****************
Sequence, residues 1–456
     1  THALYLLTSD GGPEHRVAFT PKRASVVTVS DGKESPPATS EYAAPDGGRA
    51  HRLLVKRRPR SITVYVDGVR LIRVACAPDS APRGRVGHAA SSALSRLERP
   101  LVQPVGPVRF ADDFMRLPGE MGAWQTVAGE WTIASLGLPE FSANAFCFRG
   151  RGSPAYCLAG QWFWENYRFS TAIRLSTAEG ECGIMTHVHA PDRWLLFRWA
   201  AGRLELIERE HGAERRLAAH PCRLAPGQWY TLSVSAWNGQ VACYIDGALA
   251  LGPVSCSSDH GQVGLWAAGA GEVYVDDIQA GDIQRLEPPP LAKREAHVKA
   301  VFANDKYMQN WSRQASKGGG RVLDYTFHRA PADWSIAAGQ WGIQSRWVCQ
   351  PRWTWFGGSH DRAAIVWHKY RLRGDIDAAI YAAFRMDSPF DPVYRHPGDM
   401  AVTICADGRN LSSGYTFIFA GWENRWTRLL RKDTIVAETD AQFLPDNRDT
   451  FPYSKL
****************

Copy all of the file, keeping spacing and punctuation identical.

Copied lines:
Sequence, residues 1–456
     1  THALYLLTSD GGPEHRVAFT PKRASVVTVS DGKESPPATS EYAAPDGGRA
    51  HRLLVKRRPR SITVYVDGVR LIRVACAPDS APRGRVGHAA SSALSRLERP
   101  LVQPVGPVRF ADDFMRLPGE MGAWQTVAGE WTIASLGLPE FSANAFCFRG
   151  RGSPAYCLAG QWFWENYRFS TAIRLSTAEG ECGIMTHVHA PDRWLLFRWA
   201  AGRLELIERE HGAERRLAAH PCRLAPGQWY TLSVSAWNGQ VACYIDGALA
   251  LGPVSCSSDH GQVGLWAAGA GEVYVDDIQA GDIQRLEPPP LAKREAHVKA
   301  VFANDKYMQN WSRQASKGGG RVLDYTFHRA PADWSIAAGQ WGIQSRWVCQ
   351  PRWTWFGGSH DRAAIVWHKY RLRGDIDAAI YAAFRMDSPF DPVYRHPGDM
   401  AVTICADGRN LSSGYTFIFA GWENRWTRLL RKDTIVAETD AQFLPDNRDT
   451  FPYSKL